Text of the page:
James Rosewell writes:
This year’s CES event in Las Vegas promises to be the biggest yet. It’ll be packed with a diverse collection of consumer-focussed technology, from cloud services to cars, and will see many of the world’s leading electronics manufacturers launching brand new products.
There’ll be mobile phones (although some of the biggest announcements are likely to take place at Mobile World Congress next month), there’ll be tablets, there’ll be gaming devices, there’ll be sat nav – and there’ll be many other products that now include their own mobile data connection.
When you’ve got mobile data, it’s usually an obvious step to add a browser... and before you know it, consumers are browsing the internet from a device that was never really intended to visit conventional web sites.
However, despite the diversity of browser capabilities, screen sizes, operating systems, user interfaces and input methods, we’ve spotted a trend.
Devices are getting bigger. Sat-nav systems now have larger screens. Smartphones are becoming ‘super phones’, growing towards the size of tablets. And – despite the occasional rumour – there’s no sign of Apple’s market-leading iPad launching a smaller-screen iPad 3 or iPad 4.
Is bigger really better? Well, it certainly appears to be more usable. Mobile advertising business inner-active.com recently revealed figures that showed a simple correlation between screen size and click-through rate. Bigger screens meant more responses to online ads, whether it was iPhone vs iPad or BlackBerry vs PlayBook.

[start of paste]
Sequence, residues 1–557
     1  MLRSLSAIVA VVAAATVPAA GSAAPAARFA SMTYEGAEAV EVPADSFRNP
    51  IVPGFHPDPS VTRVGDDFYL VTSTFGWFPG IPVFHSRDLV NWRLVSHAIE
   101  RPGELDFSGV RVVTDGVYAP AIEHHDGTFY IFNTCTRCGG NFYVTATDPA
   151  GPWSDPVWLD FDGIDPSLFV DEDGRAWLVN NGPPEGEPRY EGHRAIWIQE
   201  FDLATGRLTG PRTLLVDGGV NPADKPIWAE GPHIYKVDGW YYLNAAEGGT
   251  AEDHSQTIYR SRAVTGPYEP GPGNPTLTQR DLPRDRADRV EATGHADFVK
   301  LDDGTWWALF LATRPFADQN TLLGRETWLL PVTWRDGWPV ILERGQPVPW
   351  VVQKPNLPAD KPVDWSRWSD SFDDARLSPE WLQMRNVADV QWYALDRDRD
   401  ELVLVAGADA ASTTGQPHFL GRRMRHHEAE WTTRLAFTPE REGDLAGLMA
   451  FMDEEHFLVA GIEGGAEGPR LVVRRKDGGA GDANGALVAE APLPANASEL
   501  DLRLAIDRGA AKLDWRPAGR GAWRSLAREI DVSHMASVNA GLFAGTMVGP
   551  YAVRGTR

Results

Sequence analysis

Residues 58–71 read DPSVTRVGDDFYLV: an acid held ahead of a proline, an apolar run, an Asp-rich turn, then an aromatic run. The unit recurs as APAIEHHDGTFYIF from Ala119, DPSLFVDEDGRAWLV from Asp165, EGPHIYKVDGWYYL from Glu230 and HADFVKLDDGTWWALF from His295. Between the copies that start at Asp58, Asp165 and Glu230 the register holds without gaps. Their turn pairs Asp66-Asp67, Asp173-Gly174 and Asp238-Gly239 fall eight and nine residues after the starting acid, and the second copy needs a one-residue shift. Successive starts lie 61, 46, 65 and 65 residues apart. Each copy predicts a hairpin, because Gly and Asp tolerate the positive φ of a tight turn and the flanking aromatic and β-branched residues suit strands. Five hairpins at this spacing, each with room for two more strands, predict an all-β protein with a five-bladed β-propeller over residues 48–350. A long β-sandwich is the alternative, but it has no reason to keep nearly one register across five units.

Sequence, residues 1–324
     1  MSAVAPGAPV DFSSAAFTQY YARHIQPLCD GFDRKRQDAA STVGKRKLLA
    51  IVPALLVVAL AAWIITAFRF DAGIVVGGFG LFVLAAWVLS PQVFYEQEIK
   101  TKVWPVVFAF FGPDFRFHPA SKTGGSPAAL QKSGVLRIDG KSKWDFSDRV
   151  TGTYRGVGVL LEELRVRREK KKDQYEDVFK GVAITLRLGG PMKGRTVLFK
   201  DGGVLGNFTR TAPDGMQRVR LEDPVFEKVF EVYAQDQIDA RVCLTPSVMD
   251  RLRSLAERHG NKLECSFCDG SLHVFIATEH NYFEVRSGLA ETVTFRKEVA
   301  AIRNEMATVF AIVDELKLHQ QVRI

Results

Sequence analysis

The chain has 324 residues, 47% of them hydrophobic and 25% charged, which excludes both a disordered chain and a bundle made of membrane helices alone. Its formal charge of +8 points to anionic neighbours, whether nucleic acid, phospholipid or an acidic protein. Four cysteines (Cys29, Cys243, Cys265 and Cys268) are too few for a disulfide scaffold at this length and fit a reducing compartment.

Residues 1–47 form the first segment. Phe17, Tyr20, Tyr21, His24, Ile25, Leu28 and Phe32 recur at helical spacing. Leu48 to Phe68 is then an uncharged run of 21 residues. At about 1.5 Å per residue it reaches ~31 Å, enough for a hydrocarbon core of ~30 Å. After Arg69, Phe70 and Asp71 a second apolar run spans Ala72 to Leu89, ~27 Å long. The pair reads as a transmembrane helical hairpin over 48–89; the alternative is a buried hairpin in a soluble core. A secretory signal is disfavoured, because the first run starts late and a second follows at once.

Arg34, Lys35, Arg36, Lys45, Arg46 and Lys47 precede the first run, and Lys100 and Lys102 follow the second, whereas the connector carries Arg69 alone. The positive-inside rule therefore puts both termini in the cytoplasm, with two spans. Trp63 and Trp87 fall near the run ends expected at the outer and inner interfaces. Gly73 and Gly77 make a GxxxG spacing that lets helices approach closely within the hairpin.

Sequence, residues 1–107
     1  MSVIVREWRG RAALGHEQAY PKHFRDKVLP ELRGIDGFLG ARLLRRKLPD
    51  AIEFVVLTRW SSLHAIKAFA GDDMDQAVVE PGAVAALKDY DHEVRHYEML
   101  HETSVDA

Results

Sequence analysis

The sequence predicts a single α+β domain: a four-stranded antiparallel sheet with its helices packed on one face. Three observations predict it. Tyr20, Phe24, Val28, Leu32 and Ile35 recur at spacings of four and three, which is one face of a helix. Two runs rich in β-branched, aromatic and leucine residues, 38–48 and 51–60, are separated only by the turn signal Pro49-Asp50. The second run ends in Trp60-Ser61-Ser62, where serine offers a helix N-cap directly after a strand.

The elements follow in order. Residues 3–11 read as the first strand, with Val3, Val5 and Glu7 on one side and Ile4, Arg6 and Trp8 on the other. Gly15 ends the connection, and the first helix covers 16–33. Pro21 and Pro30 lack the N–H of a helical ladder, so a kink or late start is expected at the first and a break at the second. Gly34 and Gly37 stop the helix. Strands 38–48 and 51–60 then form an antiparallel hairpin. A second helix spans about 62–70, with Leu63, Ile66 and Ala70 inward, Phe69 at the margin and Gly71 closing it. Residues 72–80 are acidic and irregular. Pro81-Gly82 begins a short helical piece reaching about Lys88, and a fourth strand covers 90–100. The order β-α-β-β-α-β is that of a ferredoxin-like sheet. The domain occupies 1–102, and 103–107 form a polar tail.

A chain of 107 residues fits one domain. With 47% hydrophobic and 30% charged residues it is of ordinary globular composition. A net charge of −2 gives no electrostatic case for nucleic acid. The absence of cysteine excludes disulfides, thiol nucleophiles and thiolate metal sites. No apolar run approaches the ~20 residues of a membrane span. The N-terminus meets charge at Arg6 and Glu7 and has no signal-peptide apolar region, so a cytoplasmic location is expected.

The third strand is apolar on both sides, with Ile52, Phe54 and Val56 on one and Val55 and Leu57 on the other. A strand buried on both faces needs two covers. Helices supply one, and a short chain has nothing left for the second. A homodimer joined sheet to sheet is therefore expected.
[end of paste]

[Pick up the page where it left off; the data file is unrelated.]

Yet could it be that larger displays are simply more popular because they’re closer in size to desktop and laptop computers, while consumers are struggling to use the web on smaller-screen devices because sites haven’t been tailored to fit?
It’s certainly true that ease of use leads to increased usage – which sets a challenge for web designers.
Could ads specifically designed for smaller screen devices and the various input methods available perform as well as their larger screen counterparts? In developing markets where the small screen dominates, the answer to this question will becoming increasingly important for brands wishing to grow revenue streams in these markets.
51Degrees.mobi offers a portfolio of products for web developers and online businesses, including an entirely free mobile device detection solution that can be used commercially. James Rosewell is managing director of 51Degrees.mobi and is also part of the team at TheFonecast.com.